Sick and tired of dealing with hay fever every spring? Consider immunotherapy, also known as allergy shots, which gradually exposes your immune system to small doses of allergens to build tolerance. Some people can experience complete relief from seasonal allergies after completing a full course of allergy shots, according to the American Academy of Allergy Asthma & Immunology. Not a fan of needles? You’re in luck. Under-the-tongue allergy tablets are now available for certain allergens—just ask your doctor.

How to avoid seasonal allergies:

Unless you’ve completed immunotherapy treatment, you may not be able to dodge hay fever completely, but limiting your exposure to pollen can ease the severity of your symptoms. The pollen count is higher on dry, windy days, so avoid being outdoors as much as possible when the forecast is breezy. 

Additionally, keep windows and doors closed during allergy season, and avoid tracking pollen indoors by changing out of your outdoor clothes and shoes soon after entering the house. It’s also a good idea to take a shower and wash your hair before bed so that you don’t breathe any allergens in throughout the night. 

Your symptoms: Fever, cough, and shortness of breath

You may have: COVID-19

COVID-19, the illness caused by a novel strain of coronavirus first detected in late 2019, has spread worldwide. Anyone infected with the virus can experience mild to severe symptoms, though older adults and people with serious underlying medical conditions such as heart disease, lung disease, and diabetes seem to be at a higher risk for serious complications and death, according to the CDC. It can take two to 14 days after exposure for symptoms of COVID-19 to show up. These may include:

  • Fever or chills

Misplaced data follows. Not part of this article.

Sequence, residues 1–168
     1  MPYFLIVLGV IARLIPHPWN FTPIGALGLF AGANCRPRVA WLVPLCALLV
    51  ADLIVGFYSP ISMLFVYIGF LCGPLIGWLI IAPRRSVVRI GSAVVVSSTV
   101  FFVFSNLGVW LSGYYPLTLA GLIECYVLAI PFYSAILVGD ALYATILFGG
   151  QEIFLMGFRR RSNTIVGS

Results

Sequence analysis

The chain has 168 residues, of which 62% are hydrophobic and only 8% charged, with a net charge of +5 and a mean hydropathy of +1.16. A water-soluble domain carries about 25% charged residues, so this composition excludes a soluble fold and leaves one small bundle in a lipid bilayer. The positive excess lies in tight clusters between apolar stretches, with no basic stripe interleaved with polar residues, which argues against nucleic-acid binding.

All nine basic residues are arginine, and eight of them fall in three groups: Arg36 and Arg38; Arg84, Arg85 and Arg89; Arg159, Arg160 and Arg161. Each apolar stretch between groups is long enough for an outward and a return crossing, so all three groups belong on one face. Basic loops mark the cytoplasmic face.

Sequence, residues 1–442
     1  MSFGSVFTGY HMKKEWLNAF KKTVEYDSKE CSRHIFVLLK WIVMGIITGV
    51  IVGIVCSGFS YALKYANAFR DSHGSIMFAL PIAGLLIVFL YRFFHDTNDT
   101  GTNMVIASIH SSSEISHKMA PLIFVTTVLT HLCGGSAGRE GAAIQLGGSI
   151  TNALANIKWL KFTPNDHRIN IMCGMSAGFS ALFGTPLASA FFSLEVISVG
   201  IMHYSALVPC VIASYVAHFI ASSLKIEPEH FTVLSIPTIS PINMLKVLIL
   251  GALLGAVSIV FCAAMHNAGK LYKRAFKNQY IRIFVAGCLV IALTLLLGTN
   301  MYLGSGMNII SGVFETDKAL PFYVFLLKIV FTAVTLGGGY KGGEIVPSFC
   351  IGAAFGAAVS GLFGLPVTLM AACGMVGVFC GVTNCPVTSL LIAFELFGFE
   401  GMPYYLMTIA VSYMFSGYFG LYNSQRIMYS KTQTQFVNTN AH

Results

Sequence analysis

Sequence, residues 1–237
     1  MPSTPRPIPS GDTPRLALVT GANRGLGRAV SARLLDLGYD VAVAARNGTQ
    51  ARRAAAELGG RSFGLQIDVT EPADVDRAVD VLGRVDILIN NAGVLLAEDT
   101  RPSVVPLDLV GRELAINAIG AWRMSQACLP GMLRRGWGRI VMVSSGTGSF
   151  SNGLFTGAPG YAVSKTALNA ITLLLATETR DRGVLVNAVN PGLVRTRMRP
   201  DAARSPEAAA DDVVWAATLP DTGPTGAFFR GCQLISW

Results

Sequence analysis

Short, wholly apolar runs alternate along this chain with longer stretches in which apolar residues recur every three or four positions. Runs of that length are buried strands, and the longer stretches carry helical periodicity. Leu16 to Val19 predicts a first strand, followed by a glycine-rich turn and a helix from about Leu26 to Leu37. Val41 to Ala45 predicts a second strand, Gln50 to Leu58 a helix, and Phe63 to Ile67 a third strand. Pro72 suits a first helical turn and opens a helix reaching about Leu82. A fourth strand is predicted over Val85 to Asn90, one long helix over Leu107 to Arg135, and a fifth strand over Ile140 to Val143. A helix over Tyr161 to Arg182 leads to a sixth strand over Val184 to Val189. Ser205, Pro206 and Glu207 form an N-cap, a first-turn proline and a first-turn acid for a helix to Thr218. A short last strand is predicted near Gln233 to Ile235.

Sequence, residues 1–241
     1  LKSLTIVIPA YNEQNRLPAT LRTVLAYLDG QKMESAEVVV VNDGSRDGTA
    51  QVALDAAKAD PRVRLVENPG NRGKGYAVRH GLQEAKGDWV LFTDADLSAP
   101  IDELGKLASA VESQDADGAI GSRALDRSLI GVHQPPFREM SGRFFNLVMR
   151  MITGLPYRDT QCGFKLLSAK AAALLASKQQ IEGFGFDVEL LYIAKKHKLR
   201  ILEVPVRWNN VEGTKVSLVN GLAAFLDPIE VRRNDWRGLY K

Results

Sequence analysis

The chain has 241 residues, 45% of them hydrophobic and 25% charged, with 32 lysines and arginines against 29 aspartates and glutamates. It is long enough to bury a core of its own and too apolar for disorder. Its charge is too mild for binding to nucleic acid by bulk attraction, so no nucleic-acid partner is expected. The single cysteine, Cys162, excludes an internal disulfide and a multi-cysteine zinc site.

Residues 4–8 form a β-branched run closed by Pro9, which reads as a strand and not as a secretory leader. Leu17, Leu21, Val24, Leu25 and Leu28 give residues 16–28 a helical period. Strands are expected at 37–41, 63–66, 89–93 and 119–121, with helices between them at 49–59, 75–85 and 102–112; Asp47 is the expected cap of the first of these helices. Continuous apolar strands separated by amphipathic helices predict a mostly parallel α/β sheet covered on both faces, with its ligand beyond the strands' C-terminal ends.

• Cough
  • Shortness of breath or difficulty breathing
  • Fatigue
  • Muscle or body aches
  • Headache
  • New loss of taste or smell
  • Sore throat
  • Congestion or runny nose
  • Nausea or vomiting
  • Diarrhea

How to treat COVID-19:

Many people with COVID-19 experience mild illness and are able to recover at home, the CDC reports. If you think you may have been exposed to COVID-19, contact your healthcare provider to determine the best course of action. Because some symptoms of COVID-19 mirror those of the flu, discerning between the two illnesses may require testing. If at any point you experience severe symptoms of COVID-19—such as difficulty breathing—seek medical care immediately.

Because the virus spreads easily from person to person, the CDC recommends that patients isolate themselves at home until meeting several criteria indicating that their illness is no longer contagious. People who are sick with COVID-19 symptoms should also separate themselves from household members to whatever extent possible, and wear a face mask at times when close contact cannot be avoided.

While measures such as over-the-counter fever reducers may temporarily alleviate certain symptoms of the virus, as of October 2020 there is no treatment for COVID-19 specifically. The U.S. Food and Drug Administration (FDA) advises consumers to beware of fraudulent cures: “Products that claim to cure, mitigate, treat, diagnose or prevent disease, but are not proven safe and effective for those purposes, defraud consumers of money and can place consumers at risk for serious harm,” the agency’s website warns.

How to stop the spread of coronavirus:

As of late 2020, a vaccine for COVID-19 is not yet available. Therefore, preventing infection depends on avoiding exposure to the virus. The CDC offers these and other tips for stopping the spread of coronavirus:

  • Wash hands often with soap and water for at least 20 seconds, especially after leaving a public setting, before touching your face, and after coughing into a hand or blowing your nose. If soap and water aren’t available, use a hand sanitizer that contains at least 60% alcohol.
  • At all times, maintain 6 feet of distance between you and any people who are not living in your household.
  • Wear a mask that covers your nose and mouth whenever you are in a public setting (such as a store or gym) or near people who do not live in your household. People who are infected may not feel sick but still can spread the virus to others.
  • Disinfect frequently touched surfaces such as doorknobs and computer keyboards.
  • Monitor your health and speak with your doctor immediately if you develop symptoms of COVID-19. If you become sick, inform your close contacts that they may have been exposed to the virus.

Note: Public health recommendations concerning COVID-19 continue to evolve as researchers learn more about the virus and its effects. The information in this article might not reflect the latest guidelines. For up-to-date information on COVID-19, visit the CDC’s website.

Related links